In an average of those polls, Biden’s still on top at 27.4 percent, with Warren in second at 24.7 percent. I don’t necessarily buy that Warren pulled ahead of Biden last week, as the RCP average briefly showed; for some reason, RCP’s average didn’t include HarrisX, which is usually one of Biden’s better polls. It’s also sort of a moot point, though. There’s no national primary, and if Warren keeps gaining ground at the rate she has been over the past few months, she’ll surpass Biden eventually.
What there hasn’t been, though, is much sign of a decline in Biden’s numbers, despite all the media narratives constantly predicting one. Here was the most recent pre-Ukraine version (all interviews conducted before Sept. 23) of those same national polls.
So Biden was at 26.9 percent on average in the pre-Ukraine polls … and he’s at 27.4 percent now. There’s been no decline at all, obviously. Warren has gained quite a bit of ground, though, having gone from 19 percent to 24.7 percent. Where is that support coming from?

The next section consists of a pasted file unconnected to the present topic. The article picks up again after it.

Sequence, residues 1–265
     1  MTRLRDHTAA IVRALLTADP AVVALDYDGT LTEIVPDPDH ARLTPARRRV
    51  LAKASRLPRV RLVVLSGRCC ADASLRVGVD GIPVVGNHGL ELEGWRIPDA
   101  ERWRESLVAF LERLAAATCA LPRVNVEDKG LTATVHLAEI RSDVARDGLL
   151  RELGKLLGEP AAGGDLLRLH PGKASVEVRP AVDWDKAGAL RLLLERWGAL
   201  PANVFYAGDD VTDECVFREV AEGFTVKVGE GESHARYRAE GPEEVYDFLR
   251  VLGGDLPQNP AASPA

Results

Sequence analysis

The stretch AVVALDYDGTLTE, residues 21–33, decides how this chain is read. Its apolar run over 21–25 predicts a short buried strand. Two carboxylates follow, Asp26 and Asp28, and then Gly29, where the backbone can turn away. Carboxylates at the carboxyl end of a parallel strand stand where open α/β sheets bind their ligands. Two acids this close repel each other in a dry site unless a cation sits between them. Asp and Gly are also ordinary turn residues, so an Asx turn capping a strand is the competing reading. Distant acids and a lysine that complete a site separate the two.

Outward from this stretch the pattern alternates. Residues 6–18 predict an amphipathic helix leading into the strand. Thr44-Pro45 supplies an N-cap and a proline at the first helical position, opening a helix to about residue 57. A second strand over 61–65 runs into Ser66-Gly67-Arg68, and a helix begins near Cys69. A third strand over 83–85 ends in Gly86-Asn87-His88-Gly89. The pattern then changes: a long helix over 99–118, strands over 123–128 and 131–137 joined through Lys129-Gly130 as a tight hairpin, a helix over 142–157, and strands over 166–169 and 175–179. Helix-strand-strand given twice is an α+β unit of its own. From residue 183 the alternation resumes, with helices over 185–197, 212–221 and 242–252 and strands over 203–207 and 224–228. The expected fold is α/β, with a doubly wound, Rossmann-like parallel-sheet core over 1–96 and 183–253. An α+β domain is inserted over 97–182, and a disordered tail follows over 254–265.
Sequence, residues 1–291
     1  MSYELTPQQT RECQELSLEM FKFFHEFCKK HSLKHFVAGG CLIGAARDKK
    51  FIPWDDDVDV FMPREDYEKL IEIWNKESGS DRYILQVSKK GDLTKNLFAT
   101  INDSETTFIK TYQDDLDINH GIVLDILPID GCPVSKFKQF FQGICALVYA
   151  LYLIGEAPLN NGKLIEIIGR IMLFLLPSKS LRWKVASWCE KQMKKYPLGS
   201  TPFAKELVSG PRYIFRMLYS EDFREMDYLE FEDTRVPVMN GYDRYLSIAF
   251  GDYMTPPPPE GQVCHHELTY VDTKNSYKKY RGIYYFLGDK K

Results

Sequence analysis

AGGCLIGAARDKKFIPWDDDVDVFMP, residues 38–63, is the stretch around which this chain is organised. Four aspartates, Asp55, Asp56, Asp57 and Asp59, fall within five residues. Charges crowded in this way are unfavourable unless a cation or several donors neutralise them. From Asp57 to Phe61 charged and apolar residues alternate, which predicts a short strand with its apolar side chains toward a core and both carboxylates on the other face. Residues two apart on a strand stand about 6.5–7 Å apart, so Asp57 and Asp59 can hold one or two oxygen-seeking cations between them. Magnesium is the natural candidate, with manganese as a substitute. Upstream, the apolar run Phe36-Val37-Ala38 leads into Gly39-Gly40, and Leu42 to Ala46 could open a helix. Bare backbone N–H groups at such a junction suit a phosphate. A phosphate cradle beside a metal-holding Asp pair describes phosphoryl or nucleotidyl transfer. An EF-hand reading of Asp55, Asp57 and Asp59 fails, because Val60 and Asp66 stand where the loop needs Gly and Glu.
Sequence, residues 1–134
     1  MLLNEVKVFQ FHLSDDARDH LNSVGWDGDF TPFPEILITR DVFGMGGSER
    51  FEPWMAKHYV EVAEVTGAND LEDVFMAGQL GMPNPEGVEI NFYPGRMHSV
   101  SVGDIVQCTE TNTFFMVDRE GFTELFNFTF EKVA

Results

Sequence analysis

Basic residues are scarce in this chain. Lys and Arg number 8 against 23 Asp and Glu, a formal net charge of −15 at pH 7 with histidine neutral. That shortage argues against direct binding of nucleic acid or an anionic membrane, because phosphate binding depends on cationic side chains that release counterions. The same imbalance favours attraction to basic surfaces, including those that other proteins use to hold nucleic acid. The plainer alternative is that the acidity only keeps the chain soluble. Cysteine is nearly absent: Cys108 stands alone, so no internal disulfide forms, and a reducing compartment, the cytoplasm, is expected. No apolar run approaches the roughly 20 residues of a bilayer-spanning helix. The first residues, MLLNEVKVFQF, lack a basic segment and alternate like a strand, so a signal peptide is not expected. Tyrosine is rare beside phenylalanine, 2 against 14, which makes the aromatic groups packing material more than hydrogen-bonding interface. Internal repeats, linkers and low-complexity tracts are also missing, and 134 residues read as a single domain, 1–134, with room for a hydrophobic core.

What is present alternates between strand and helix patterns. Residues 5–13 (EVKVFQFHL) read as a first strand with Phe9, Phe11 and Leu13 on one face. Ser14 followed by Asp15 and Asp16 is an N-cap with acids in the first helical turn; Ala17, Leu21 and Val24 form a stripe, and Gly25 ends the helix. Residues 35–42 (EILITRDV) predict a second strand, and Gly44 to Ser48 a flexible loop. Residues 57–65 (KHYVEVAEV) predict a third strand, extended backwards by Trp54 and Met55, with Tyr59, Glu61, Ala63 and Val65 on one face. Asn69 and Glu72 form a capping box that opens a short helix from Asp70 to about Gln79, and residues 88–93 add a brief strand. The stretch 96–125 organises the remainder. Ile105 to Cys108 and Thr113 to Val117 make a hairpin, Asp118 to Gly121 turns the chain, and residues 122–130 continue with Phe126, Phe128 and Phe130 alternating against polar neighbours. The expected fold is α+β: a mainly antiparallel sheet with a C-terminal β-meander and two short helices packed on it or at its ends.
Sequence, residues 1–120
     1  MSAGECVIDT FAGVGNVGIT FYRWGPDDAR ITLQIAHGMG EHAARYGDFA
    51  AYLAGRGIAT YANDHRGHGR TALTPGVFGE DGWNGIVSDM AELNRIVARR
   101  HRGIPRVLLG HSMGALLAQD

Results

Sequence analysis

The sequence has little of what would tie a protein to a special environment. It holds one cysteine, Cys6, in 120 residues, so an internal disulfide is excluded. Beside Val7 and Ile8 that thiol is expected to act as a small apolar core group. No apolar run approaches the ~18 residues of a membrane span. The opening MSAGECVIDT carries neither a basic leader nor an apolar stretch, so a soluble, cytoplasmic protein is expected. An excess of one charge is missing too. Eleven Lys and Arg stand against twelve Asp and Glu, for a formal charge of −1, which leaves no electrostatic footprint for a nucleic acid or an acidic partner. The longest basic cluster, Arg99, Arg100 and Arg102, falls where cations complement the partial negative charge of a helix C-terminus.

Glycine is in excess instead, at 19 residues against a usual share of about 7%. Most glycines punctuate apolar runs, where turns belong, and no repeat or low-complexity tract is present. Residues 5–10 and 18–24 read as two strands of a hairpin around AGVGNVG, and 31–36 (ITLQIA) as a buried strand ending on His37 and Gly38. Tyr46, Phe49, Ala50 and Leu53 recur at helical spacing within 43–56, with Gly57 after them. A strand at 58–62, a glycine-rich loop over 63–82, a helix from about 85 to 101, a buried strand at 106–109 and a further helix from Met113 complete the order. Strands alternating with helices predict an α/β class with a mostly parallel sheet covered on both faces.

|Candidate||Before Sept. 23||Since Sept. 23||Change|
Some of it has come from Harris, whom Warren is competing with for college-educated voters. Some has come from Sanders. And some of it may have come from second-tier candidates such as Booker, whose solid debate performances seem to have been forgotten and who is back to just 1 or 2 percent in the polls. YouGov’s polling of early-state voters suggests that relatively little of it has come from Biden, on the other hand.
If there’s a bit of bad news for Warren, it’s that she’s already picked off a lot of the low-hanging fruit. She can perhaps grab a few more Sanders voters, especially if some are concerned over the heart attack he suffered two weeks ago. But Sanders has already lost around two-thirds of the voters that he had in 2016, so the ones that remain with him may be a relatively hardy lot. Meanwhile, there aren’t that many more Harris supporters to win over.
That’s not to say that it’s all going swimmingly for Biden, either. Although his topline numbers haven’t changed much, Warren has surpassed him on measures of enthusiasm, she tends to have better favorability ratings than he does, and, obviously, Iowa and New Hampshire are huge potential liabilities for Biden if he loses them.